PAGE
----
A good friend had told me, after the movie came out, that the book was a must-read. Of course, my reading list is already unattainable, so what was adding one more to the list right? Humour me.
Anyway, I’ve gotten into the habit of picking up second-hand books, so as not to bankrupt us. I found the movie tie-in edition of this book, with Matt Damon’s face plastered over the cover. I was none too pleased with this, but I did want to read the book. So I bought it anyway.
Author: Andy Weir
Story: Mark Watney is part of the Ares-3 mission to Mars, one of six astronauts of the mission. He is the mechanical engineer and botanist. He is also the funny guy.
The mission is supposed to last for 31 days, but is cut short due to a storm. The team aborts on the sixth day, and they prepare to go back to their main ship. In the kerfuffle caused by the storm, Mark is skewered by an antenna, and blown away by the high speed winds. The rest of the team tries to locate him, but his suit’s bio-monitors show that he is dead. Reluctantly, they are forced to leave.
However, Mark isn’t dead. He wakes up, and realises that he is all alone. On Mars. With no means to contact Earth.
Writing: Another book in diary form, which isn’t my favourite style by any means, but somehow this format works well for the story. The writing is infused with humour and intelligence, and therefore projects a vision of Watney that is immediately likeable.
Side note: I generally don’t do this, but I reckon that Dork was going for the same thing, but failed abysmally in the effort.
Characters: The characters are all likeable, even though they clearly have their personalities and flaws. They fit the moulds of highly intelligent scientists, with a verve for conquering new frontiers. The NASA folk have a few more shades to their characters, where the bureaucratic mindset of thinkers tussles with the risk-taking streak inherent in doers. The book mildly explores these nuances, without allowing the narrative to be distracted from the situation at hand.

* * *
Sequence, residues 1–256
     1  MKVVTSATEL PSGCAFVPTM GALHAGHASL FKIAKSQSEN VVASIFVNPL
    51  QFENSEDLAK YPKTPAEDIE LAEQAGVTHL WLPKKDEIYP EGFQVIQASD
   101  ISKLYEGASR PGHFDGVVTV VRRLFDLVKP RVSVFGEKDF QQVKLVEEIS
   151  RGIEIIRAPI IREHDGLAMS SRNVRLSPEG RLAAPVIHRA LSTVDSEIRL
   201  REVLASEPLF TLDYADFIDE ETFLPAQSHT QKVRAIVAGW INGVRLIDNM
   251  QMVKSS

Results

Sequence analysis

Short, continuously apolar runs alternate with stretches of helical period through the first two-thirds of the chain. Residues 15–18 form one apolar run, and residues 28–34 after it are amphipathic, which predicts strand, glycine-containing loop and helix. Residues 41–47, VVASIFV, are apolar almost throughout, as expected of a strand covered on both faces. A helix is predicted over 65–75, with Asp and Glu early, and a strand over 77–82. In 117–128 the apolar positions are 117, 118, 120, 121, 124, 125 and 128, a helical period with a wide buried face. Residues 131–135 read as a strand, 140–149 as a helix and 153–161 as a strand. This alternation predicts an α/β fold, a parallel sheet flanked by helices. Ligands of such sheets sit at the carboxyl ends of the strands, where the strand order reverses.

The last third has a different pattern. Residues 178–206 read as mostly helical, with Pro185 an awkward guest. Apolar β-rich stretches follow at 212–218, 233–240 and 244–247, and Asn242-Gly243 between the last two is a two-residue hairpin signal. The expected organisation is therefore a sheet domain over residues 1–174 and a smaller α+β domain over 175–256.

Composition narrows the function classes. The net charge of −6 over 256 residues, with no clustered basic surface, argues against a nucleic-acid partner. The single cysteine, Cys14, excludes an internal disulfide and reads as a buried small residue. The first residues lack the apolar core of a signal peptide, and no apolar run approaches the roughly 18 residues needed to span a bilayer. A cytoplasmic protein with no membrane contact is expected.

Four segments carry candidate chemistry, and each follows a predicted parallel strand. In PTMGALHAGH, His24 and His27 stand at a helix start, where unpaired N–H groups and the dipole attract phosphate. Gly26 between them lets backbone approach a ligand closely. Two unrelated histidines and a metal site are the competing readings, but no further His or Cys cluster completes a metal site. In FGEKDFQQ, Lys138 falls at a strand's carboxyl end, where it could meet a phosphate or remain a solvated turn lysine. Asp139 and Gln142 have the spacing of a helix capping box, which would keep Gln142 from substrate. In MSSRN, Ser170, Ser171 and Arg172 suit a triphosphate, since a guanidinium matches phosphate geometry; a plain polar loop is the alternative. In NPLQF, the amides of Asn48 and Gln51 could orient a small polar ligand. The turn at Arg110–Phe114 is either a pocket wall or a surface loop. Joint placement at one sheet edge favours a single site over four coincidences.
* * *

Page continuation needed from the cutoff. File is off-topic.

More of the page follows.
Pace: Suspenseful and exciting. Even though there are down-times, they serve as breathers for the excitement of things happening, and things going wrong.
Conclusion: The great thing about this book isn’t the story or the characters, even though these are amazing aspects. In my opinion, the mix of characters is fantastic. Apart from character names, which naturally give insight into their ethnicities and genders, there is no physical description of the characters. [Except, I think, for Vogel, who was described as lumbering, suggesting bigness.] I like that the characters could be black, white, Asian, or a mix of all, for all the relevance it has to the story. True, there is a believability aspect, where not many non-white non-male people get to do these things, but that can be disregarded because it is a novel after all.
Having said that, I loved every aspect of this novel. The human spirit shines through, both on a individual level and at an organisational level, where all people come together to save one life. It is a beautiful thing to behold.